Fourteen Ways of Looking at Fall Foliage

By Joe Nazare

 

I.
Nature emblazoned.
An unguttering, golden-orange torch
Mitigating the lengthening nights.

II.
Beacon to New England.
A regional tourist trap
Sprung by the shortage of chlorophyll.

III.
The outdoors brought online.
Photographic alchemy uploaded,
The transient rendered eternal.

IV.
Splendid deciduous calendars.
October oaks counting down
The days remaining until Halloween.

V.
Gloriously performative.
Furnishing a synonym for the season
In silent, scattershot descent.

VI.
Unabashed divesting.
The methodically discarded apparel
Of exhibitionist boughs.

VII.
Democratic in downfall.
Rolling out a red carpet
That anyone can walk.

VIII.
Cemetery lethargy.
Leaves lying like scratchy blankets
Drawn over cold sleepers.

IX.
Rain-pasted to windshields.
Clinging to the hope of mobility,
Driven by autumnal wanderlust.

X.
Dead but wind-borne.
Brittle skittering across macadam:
Shucked insect husks activated.

XI.
Absent yet manifest.
Colorful trefoil ghost-prints
Recorded on concrete.

XII.
Omnipresent models.
Originals of the plastic facsimiles
Decoratively strewn across harvest tables.

XIII.
Late-season heaps.
Sizable shapes suggesting fairy mounds.
Front lawns given an eldritch hint.

XIV.
Fiery piles ignited.
Like proleptic pyres
For the waning year.

 

In Grave Condition

Following yesterday’s Poe post, here’s a poem that suggests it’s not just premature burial we should dread.

 

In Grave Condition

By Joe Nazare

 

I don’t rake ragged fingernails against the casket’s lid
Or shriek hysterics into the enshrouding blackness

My skin doesn’t crawl when I imagine
Something centipedal
Getting under my shirt collar

No
I just lie here
Endlessly pondering a monstrous mystery

Why consciousness lives on
Yet remains trapped in a cranial crypt

 

Cystemic

Much like the figure in the poem below, I sport a ganglion cyst on my wrist. I can only hope, though, that it doesn’t have the same origin…

 

Cystemic

By Joe Nazare

 

Google does little
To soothe his concerns.
“Ganglion” hardly captures
This sudden, inexplicable marble
Pressing from his own flesh like some macabre carpal tumor.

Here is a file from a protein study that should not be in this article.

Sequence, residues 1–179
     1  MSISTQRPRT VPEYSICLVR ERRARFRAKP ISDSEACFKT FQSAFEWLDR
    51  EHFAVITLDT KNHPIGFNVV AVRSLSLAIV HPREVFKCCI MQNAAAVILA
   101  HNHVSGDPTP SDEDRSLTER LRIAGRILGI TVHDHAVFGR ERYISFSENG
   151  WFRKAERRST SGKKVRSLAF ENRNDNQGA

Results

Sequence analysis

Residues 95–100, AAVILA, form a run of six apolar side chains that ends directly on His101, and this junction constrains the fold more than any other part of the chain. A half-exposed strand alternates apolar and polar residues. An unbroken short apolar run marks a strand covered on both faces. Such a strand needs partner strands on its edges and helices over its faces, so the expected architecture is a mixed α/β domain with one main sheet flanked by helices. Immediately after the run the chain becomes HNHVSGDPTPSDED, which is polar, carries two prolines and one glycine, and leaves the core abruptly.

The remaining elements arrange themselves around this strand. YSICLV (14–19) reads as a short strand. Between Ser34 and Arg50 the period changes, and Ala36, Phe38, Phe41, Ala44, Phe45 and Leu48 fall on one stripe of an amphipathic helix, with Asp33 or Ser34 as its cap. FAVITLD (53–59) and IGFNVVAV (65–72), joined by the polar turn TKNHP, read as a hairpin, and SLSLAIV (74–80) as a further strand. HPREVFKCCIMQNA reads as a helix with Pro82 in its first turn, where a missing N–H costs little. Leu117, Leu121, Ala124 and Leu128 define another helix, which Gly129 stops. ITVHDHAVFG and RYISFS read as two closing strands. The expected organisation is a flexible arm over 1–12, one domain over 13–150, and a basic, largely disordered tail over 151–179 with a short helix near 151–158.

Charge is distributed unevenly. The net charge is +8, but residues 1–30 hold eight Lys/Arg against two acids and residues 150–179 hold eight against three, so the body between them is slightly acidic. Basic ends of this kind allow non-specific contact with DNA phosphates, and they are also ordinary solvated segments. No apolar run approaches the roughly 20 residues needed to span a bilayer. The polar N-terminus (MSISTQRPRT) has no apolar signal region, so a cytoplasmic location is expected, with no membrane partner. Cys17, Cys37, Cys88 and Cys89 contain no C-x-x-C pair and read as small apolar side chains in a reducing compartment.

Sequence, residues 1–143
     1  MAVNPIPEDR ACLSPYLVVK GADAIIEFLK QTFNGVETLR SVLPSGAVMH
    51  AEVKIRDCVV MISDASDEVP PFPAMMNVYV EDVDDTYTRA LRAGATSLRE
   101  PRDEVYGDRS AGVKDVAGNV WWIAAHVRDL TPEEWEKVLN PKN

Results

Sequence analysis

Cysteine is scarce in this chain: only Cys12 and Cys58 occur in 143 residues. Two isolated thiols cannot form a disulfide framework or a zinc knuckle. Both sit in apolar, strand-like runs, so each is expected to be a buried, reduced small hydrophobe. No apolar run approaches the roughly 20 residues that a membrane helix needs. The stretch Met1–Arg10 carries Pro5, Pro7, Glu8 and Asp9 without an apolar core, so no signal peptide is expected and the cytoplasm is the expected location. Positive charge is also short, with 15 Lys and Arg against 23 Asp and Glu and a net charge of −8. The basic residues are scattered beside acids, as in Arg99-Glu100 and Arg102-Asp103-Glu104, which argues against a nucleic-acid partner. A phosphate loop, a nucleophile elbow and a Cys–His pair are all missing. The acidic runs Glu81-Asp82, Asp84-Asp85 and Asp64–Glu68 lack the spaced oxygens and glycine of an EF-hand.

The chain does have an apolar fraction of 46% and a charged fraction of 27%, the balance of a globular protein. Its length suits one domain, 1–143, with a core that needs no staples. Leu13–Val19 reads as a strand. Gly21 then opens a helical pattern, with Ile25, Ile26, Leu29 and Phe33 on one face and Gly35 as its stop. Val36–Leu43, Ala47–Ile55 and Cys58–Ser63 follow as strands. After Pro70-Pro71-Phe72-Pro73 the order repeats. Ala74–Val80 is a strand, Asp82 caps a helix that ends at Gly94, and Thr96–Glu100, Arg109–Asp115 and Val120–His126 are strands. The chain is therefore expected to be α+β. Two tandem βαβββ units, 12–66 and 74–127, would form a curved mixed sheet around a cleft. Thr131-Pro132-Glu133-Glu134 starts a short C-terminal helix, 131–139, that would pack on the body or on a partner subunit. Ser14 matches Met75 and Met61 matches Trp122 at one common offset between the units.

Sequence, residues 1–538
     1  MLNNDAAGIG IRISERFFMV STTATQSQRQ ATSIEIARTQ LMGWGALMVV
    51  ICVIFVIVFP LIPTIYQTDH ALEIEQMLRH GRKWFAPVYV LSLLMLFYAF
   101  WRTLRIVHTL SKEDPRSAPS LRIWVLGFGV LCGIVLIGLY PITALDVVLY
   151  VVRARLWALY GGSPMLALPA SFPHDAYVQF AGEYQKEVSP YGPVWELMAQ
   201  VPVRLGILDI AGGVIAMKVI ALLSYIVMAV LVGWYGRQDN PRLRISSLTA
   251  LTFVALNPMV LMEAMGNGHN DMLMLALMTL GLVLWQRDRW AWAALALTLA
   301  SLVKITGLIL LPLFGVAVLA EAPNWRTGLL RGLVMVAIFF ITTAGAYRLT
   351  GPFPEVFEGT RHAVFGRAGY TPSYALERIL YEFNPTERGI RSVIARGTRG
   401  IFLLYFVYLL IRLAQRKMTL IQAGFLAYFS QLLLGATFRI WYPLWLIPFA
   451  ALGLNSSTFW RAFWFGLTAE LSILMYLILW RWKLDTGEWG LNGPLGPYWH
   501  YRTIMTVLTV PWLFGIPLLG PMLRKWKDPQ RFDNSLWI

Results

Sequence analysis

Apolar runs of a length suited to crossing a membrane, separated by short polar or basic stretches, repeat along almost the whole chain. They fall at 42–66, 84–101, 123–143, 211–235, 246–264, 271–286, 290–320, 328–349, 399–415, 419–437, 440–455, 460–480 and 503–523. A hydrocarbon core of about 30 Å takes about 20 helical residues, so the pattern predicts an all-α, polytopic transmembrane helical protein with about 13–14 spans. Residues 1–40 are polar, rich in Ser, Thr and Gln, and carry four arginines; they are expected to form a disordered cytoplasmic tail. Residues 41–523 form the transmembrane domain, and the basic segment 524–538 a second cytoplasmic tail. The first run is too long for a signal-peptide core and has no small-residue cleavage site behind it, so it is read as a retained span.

The strange growth
Has the hue of bruised fruit,
Sprouts higher with every hour,
Shoots internal tendrils of dull ache
That scale his brachium and entangle in the roots of his teeth.

His instinct is
To have it out of him.
Excision is all: he seizes his
Keenest piece of kitchen cutlery,
Swallows a half bottle of Jack Daniels as ad hoc anesthetic.

But the surgery is
Promptly preempted when
The butcher knife turns tuning fork,
Striking a vibrant and agonizing chord
The instant the blade-edge even grazes the distended skin.

Woundedly, he
Cradles the affronted
Appendage, which takes on
Mind of its own, sends him staggering
Out of his doublewide and into the desolate New Mexican night.

The insistent cyst
Then inflates, incandesces;
His traitorous arm stiffens, strains
Straight overhead in Lady Liberty mimicry.
Feeling his heels lifting, he thinks perhaps the Rapture’s at hand.

He revises this thesis
When he sees the skies slice open,
Birthing the awful and unearthly thing
That wings itself through the heavens,
A metallic pterodactyl homing in on him.
Identifying
Himself as
A beacon,
He realizes
This isn’t
Rapture,
But rather
A reaping.

Thought Crime (poem)

My latest poem was published today over at the weekly crime poetry blog The Five-Two. “Thought Crime” considers how the hard knocks suffered by a hard-boiled detective continue even into retirement.

While in grad school at NYU, I wrote my doctoral dissertation on cyberpunk science fiction, a movement strongly influenced by the detective novels of Dashiell Hammett and Raymond Chandler. I had a lot of fun (despite the ultimately somber tone of “Thought Crime”) tapping into–and extrapolating from–that same hard-boiled formula here with this poem.

The Gunman’s Oxymorons

Reading Joe Hill’s “Loaded” (from Strange Weather, which I reviewed here) led me to look back on, and revise, a poem I had written several years back. The piece was originally occasioned by my personal fear of gun violence.

 

The Gunman’s Oxymorons

By Joe Nazare

 

loving wife
adorable children

lifetime achievement
moderate drinking

sure bet
savings account

employee benefits
company loyalty

weapons permit
workplace safety

innocent bystanders
pronounced silence

 

Ulalume and Ulalume II

Time and again, Edgar Allan Poe showed us that his male narrators were not to be trusted, but are the speakers of his poems any less unreliable in their expression of grief? My sequel to Poe’s most October-centric work was written with this idea in mind. In “Ulalume II” (first published in Autumn Lauds), the deceased female figure finally gets a chance at poetic redress.

This particularly dreary night in the late October (a squall rages outside my window as I type these words) seems the perfect time to pair up the texts of Poe’s original ballad and my own poem.